Most young workers are treating retirement accounts like it’s an ATM

Personal Finance


Despite the prevalence of these early withdrawals, most younger investors (89 percent) are either somewhat or very confident that they will save enough to enjoy their retirement, the research shows.

They also should make sure they fully understand the impact of tapping retirement savings before age 59½. Early withdrawals from 401(k) plan accounts and IRAs — excluding Roth versions of both — are subject not only to regular income taxes, but also a 10 percent early withdrawal penalty unless you meet one of a few exclusions.

On top of the potential tax cost, you’re removing money intended to stay put so it can grow over several decades, experts say. In other words, when you withdraw, for example, $10,000, you’re taking out more than that amount — you also are eliminating all the potential earnings and interest it would earn over several decades.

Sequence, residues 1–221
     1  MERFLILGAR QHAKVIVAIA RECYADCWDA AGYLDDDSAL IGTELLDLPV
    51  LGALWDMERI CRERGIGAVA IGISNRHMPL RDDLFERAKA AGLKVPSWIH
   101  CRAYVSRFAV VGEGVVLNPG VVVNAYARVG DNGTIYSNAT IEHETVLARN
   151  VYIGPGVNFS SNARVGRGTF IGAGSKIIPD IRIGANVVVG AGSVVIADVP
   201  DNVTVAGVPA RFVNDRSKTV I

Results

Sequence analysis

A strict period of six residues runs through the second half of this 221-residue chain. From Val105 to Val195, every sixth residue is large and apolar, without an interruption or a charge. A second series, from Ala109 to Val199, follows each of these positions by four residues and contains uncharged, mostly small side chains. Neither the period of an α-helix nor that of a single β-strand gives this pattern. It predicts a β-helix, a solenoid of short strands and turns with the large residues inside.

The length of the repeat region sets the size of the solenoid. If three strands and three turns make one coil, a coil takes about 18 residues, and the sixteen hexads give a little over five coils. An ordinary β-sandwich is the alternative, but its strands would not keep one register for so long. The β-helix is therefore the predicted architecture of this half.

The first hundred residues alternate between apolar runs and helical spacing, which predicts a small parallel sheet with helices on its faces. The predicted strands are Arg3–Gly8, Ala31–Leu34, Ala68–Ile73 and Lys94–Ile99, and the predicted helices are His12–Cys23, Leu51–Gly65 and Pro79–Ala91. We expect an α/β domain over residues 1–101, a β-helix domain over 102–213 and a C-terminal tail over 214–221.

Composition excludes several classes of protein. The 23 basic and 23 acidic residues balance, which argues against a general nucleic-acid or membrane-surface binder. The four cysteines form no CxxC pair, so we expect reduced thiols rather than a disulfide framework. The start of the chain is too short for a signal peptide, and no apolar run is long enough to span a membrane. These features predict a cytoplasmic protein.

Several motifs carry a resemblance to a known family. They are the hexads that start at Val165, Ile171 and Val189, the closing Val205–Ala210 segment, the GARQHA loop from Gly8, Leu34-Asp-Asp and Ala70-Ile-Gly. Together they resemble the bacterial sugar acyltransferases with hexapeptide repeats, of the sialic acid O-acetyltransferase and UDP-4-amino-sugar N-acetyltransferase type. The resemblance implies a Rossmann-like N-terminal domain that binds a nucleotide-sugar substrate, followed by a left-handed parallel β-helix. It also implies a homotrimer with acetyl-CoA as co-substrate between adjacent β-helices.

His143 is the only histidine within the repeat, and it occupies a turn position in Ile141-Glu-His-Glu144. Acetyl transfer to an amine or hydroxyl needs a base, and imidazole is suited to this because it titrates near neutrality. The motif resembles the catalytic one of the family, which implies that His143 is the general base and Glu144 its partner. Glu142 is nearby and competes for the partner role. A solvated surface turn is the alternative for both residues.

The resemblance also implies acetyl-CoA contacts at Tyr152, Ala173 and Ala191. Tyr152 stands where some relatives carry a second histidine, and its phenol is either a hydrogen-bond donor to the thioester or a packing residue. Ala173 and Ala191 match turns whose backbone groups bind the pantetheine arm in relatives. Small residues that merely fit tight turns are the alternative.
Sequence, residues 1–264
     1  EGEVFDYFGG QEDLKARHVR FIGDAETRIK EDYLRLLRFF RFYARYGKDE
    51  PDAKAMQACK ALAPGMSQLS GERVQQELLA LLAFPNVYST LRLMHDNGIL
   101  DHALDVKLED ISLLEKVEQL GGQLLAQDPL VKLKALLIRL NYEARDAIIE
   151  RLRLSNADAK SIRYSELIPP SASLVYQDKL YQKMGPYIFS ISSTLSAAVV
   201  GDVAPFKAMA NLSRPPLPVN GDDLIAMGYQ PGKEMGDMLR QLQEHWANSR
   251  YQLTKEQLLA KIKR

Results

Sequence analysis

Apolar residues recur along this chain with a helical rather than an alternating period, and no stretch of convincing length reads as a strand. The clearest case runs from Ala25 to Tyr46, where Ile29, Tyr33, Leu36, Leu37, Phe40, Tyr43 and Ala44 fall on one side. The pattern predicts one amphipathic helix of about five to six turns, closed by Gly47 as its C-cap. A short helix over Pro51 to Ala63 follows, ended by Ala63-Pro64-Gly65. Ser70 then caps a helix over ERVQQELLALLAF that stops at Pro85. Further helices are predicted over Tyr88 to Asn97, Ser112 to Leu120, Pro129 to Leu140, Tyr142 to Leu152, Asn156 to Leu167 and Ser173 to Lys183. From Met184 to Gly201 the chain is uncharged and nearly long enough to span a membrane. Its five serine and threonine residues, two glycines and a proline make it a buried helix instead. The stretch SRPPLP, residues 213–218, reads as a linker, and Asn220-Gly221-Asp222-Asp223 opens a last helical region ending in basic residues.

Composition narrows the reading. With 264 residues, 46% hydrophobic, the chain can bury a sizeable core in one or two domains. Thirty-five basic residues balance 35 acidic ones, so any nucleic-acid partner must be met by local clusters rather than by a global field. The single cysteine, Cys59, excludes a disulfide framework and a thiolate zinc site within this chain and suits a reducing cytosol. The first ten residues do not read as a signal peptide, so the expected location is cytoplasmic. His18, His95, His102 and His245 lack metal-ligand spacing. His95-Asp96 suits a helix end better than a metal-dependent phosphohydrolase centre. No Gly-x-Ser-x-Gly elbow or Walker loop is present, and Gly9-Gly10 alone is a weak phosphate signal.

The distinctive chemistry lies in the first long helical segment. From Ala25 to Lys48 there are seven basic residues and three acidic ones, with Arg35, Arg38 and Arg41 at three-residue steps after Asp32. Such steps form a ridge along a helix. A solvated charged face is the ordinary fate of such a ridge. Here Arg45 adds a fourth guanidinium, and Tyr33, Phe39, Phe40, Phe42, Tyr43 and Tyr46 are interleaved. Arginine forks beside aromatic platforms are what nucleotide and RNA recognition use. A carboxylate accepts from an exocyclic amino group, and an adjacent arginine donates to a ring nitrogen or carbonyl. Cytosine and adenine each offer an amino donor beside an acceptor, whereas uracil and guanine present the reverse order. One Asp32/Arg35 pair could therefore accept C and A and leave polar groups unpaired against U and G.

Source link

Products You May Like

Articles You May Like

Robinhood to re-brand savings account plan after widespread criticism
Robinhood debate highlights differences in FDIC and SIPC protections
Intel, TPG in talks to sell McAfee to Thoma Bravo
Social Security can buy seniors luxury living in five overseas spots 
The 5 cities it’s cheapest to fly to each January

Leave a Reply

Your email address will not be published. Required fields are marked *